The densest concentration of fuel is in a block bounded by Martin Luther King Way and Island, 1st and 2nd avenues. On that block are three businesses: Ray Dobson Welding, Don’s Automotive Center and a repair and storage facility for Greyhound Lines Inc.

Luther said there could be as many as seven or eight sources of the contamination. He noted that there is 100% gasoline under the auto repair shop and 100% diesel under Greyhound’s underground diesel fuel tank.

“We have reason to believe that’s the source,” Luther said.

There is also the possibility that San Diego Gas & Electric may be another source of some of the diesel because of a pipe that carried the fuel to a power plant.

Vern Sorgee, director of environment for the Dallas-based Greyhound Lines, was unavailable for comment. But in a June 4 letter to CCDC, the company denied it was the source of diesel contamination and said it had tested its underground storage tank and that it was not leaking.

Unused Storage Tank

Don Fry, owner of Don’s Automotive, said in an interview that “there hasn’t been any gasoline here in 15 years.” He said a gasoline station once occupied the site but that the underground storage tank hasn’t been used in many years. Fry said he has operated the auto repair shop for 11 years.

When Luther’s company dug a test well near the corner of his property, Fry said, “you could really smell it (gasoline). It was fresh.”

But Fry said that about a year and a half ago the city dug a deep trench in front of his property to replace a storm drain. “That ditch was open three or four months and you couldn’t smell any vapors then. No one complained,” he said, explaining his theory that most of the contamination has occurred since then.

Luther, though, says it’s unlikely that the 460,000 gallons of fuel in the plume suddenly appeared in the last 18 months.

“That’s like someone putting in 92 5,000-gallon tanks” in one area and having them all leak at once, he said.

Bob Gregory, an assistant manager at Ray Dobson Welding, said the shop has an old 500-gallon underground tank but that it was filled in many years ago.

One of the keys to the cleanup will be the Regional Water Quality Control Board because of its authority to issue an abatement and cleanup order and then assess property owners for the cost.

Survey of Properties

David Barker, senior engineer for the water board, said his agency has embarked on a survey of properties in the contaminated area to identify the possible sources.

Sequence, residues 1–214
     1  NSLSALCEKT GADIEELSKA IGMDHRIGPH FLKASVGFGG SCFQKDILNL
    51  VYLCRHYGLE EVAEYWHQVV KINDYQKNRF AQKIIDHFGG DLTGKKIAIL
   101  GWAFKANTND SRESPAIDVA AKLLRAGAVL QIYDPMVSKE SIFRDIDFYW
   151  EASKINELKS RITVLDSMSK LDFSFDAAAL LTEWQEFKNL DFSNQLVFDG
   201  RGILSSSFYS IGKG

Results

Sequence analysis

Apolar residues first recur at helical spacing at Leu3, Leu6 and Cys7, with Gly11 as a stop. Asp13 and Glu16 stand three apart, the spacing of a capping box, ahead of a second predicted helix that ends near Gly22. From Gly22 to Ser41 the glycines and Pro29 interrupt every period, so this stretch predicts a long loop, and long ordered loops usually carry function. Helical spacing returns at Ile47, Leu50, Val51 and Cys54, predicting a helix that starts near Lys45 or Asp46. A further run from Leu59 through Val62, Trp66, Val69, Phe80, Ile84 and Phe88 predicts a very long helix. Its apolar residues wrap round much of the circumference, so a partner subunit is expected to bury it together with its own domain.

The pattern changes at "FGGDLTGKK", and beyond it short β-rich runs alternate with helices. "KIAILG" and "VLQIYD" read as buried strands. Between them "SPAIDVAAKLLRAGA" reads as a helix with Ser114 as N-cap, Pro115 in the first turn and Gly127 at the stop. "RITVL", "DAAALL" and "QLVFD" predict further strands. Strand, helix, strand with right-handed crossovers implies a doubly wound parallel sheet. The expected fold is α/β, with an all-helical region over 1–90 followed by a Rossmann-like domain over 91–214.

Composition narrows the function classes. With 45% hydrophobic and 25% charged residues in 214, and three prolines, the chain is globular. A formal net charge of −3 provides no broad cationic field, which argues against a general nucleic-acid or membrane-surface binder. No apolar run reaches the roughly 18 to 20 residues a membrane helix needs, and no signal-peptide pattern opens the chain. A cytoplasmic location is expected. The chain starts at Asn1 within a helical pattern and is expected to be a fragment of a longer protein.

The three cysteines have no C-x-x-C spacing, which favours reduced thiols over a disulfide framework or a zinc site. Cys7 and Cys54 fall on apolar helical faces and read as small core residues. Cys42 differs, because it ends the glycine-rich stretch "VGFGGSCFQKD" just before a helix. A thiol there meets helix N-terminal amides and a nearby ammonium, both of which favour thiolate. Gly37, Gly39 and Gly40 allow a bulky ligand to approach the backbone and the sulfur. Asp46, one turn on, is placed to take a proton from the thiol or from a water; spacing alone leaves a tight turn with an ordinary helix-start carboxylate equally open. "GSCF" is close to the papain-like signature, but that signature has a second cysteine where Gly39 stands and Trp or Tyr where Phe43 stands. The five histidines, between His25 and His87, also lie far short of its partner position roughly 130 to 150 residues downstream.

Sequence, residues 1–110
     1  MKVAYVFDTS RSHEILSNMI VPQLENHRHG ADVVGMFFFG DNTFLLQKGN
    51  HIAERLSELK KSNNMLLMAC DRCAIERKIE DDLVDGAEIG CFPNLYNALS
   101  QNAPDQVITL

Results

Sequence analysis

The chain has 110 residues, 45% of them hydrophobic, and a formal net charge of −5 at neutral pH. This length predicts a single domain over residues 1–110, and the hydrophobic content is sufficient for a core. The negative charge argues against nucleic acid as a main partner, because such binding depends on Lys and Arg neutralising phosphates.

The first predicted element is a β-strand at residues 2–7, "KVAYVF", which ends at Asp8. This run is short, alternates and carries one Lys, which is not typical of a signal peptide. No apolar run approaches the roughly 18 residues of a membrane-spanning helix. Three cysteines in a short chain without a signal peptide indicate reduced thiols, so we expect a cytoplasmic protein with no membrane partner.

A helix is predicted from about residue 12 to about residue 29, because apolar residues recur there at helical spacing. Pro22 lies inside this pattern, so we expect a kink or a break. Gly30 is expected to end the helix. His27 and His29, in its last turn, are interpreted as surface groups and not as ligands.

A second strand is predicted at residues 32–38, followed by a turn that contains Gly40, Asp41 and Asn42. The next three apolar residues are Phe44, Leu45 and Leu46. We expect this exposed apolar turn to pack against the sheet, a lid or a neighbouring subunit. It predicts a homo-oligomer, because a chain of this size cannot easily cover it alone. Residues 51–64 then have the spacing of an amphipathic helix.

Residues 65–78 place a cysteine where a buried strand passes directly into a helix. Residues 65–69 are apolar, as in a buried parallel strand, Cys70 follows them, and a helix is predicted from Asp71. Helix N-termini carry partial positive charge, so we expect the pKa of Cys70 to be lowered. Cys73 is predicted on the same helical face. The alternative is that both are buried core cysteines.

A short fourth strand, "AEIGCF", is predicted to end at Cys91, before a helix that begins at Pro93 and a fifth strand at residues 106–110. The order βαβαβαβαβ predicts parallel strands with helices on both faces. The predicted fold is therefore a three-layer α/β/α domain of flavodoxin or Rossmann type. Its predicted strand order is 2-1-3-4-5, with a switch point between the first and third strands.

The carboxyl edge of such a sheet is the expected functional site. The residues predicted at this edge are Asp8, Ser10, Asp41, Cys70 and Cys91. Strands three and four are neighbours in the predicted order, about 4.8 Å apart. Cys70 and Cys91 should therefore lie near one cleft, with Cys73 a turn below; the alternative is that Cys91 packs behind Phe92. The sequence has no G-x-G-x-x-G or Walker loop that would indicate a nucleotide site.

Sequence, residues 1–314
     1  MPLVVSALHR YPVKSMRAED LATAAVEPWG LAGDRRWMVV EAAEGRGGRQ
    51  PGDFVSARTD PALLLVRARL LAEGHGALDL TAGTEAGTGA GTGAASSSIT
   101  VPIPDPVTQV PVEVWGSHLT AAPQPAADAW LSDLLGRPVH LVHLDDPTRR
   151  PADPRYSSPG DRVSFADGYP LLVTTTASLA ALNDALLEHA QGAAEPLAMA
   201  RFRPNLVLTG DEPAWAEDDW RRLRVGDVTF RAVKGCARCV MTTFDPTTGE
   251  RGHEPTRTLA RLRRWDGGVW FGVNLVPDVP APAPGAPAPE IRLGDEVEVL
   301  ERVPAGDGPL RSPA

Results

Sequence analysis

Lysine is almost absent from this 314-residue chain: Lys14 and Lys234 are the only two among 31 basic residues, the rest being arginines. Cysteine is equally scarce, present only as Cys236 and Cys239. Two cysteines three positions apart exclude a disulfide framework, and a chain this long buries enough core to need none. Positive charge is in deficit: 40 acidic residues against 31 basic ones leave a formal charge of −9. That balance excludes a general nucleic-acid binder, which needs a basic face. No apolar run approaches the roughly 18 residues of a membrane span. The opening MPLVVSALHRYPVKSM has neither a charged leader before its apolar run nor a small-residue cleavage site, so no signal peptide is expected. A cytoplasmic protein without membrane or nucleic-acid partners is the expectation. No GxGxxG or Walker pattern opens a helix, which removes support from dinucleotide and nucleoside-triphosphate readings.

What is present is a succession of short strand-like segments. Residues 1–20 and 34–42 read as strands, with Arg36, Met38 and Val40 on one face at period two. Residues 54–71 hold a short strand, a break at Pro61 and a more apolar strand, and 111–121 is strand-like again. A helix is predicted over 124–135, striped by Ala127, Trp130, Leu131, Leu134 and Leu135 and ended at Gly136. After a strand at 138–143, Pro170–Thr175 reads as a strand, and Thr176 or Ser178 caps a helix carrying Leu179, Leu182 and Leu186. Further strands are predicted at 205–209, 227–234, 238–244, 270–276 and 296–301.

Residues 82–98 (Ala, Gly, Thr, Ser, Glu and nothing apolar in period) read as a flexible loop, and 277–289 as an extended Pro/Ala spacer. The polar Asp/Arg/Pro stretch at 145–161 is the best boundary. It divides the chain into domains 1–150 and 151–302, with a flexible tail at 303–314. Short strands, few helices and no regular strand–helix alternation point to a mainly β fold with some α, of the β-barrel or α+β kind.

Working with the county Health Department’s hazardous-materials enforcement unit, Barker hopes to complete the task in at least two more months, though CCDC wants to begin removing the plume in several weeks.

“Ultimately, a property owner is responsible for any contamination that exists or goes off his property,” Barker said. His agency is working to identify the sources, he said, “but some steps have to be taken to . . . remove owners” who aren’t liable who may needlessly complicate the cleanup process.

Tom Liegler, executive director of the Convention Center Corp., says he is satisfied that CCDC is taking the appropriate steps to stop the plume from reaching the convention center.

“With what CCDC is doing, it won’t in any form endanger the construction program at the convention center . . . it wouldn’t reach there for six months,” he said.

Legal Quagmire Worries

CCDC directors--concerned about the possible liability facing the agency in case of an explosion--are also worried both about the legal quagmire of assessing cleanup costs on private property owners and the prospect that some owners will look upon the redevelopment agency as some sort of rich uncle willing to pick up the tab.

“I’d certainly hate to see us . . . as the group everyone is looking to to do the cleanup,” said CCDC director Patrick Kruer. “They (private property owners) have to pay their fair share.”

The agency is also seeking a variance from California redevelopment law and wants the state to designate the county Health Department as the agency responsible for approving removal of the plume, an action that could save CCDC many months.

The $228,000 cleanup plan approved by CCDC involves the construction and installation of five pumping wells, a stripping tower to clean contaminated water, one 10,000-gallon underground fuel containment and one 22,000-gallon aboveground water-storage tank. Luther said it will take about 50 million gallons of water to clean the plume.

Monthly maintenance costs of the removal are estimated at $19,000.